Christmas - how to have a happy (and healthy) one
We seem to look forward to December 25th for longer every year - if the length of time Christmas lights are up is anything to go by. Yet all too many of us find ourselves disappointed when it doesn't live up to our expectations.
And that's the problem. We have so many hopes as Christmas draws closer, if we're spending it with our family. If we're going to be on our own, we feel as if we're the only person in the world who feels so lonely. Either way, the build-up is so intense that we're almost bound to feel let down.
If you're spending the time with family, try not to expect too much. Very few people have the idyllic Christmas we all imagine. Many muddle along, but being thrown together in close quarters for a long period, with some alcohol thrown in, is a recipe for arguments. Getting your hopes up unrealistically makes conflict more likely.
If you don't have family to spend the holidays with, think about whether you'd rather have company or not. There are lots of other people in your position, and social services know of lots of social events going on around Christmas. Alternatively, if you make a few discreet enquiries among friends, you may have a friend who'd be only too happy to share the day with you, or who knows someone in the same position.
If you're alone because you've quarrelled, what better time to pick up the phone (or pen and paper) to set things right? Send a letter or make a call before the holiday start - just a note to say you're thinking of them, or to wish them a Happy Christmas. You may get the best Christmas present of all!
Some people would rather be alone than spend the holiday with people they don't know well. If you're going to be on your own, there's no reason you shouldn't indulge yourself. Get a delicious ready Christmas meal (don't forget the individual Christmas pudding!); save a really good book or rent a couple of videos; take a long scented bath; and ideally, wrap up warmly and go for a bracing walk. Exercise is good for your mood, and will combat that bloated, over-indulged feeling.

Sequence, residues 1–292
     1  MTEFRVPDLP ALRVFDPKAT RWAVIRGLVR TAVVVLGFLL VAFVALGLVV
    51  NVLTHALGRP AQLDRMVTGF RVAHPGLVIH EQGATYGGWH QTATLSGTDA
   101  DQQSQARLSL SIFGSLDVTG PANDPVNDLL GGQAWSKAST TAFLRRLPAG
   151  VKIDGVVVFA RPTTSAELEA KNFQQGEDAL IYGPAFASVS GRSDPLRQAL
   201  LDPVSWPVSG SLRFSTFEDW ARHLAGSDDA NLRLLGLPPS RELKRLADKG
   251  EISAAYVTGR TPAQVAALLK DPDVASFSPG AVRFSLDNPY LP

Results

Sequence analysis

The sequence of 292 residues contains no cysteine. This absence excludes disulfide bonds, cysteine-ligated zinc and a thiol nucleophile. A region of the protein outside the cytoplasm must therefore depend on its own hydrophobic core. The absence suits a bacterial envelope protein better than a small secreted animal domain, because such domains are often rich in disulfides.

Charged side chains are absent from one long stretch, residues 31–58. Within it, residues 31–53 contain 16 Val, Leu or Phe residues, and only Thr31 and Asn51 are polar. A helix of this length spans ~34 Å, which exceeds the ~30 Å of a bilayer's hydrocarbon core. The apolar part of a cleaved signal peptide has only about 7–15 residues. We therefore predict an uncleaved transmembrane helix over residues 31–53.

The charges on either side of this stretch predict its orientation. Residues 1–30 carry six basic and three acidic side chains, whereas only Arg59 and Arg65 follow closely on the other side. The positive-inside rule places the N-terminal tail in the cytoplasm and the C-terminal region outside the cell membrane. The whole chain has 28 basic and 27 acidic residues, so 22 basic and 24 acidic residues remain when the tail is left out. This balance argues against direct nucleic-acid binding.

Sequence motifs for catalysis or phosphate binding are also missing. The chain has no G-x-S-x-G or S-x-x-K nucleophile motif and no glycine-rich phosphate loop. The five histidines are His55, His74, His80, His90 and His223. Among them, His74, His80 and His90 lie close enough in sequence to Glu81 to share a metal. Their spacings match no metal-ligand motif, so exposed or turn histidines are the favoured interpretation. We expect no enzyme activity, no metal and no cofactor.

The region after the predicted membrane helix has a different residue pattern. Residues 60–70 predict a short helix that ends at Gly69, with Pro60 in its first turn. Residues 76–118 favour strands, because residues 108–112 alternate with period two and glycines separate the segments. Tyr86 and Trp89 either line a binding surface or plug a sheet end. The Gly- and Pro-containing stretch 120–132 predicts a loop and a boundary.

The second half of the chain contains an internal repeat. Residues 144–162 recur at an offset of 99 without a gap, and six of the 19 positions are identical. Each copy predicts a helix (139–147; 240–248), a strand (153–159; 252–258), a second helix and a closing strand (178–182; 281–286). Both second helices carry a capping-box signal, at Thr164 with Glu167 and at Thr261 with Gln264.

Don't let accidents ruin your Christmas!
With so much going on, minor accidents are also more common at Christmas, and burns and scalds are among the most common.
Fortunately, first-degree burns - the most common kind - usually heal in less than a week. These burns cause redness and a bit of swelling, turn white when you press the skin and don't usually blister. If you get one, run cold water over it for 10-20 minutes, but don't apply butter, any creams, ice or iced water. Simple painkillers like paracetamol are very effective for the pain.
Another common and unwanted visitor at Christmas is the Boxing Day hangover! Alcohol is a diuretic - it makes you pass more water, even in small quantities. That makes you dehydrated - one of the reasons alcohol gives you such a headache the next day. Drinking plenty of water or other non-alcoholic drink over the day will help.
Another cause of hangovers is 'congeners' - they are an ingredient of alcohol which gives some of its taste, and they are coloured. This means that dark drinks, like dark spirits and red wine (including port - yes, that old Christmas favourite, I'm afraid!) tend to cause worse hangovers.
So if you want to avoid a hangover - while the only sure way is to avoid excess alcohol - eating with your alcohol, drinking lots of non-alcoholic fluids and sticking to lighter-coloured drinks will help.
With thanks to 'My Weekly' magazine where this article was originally published.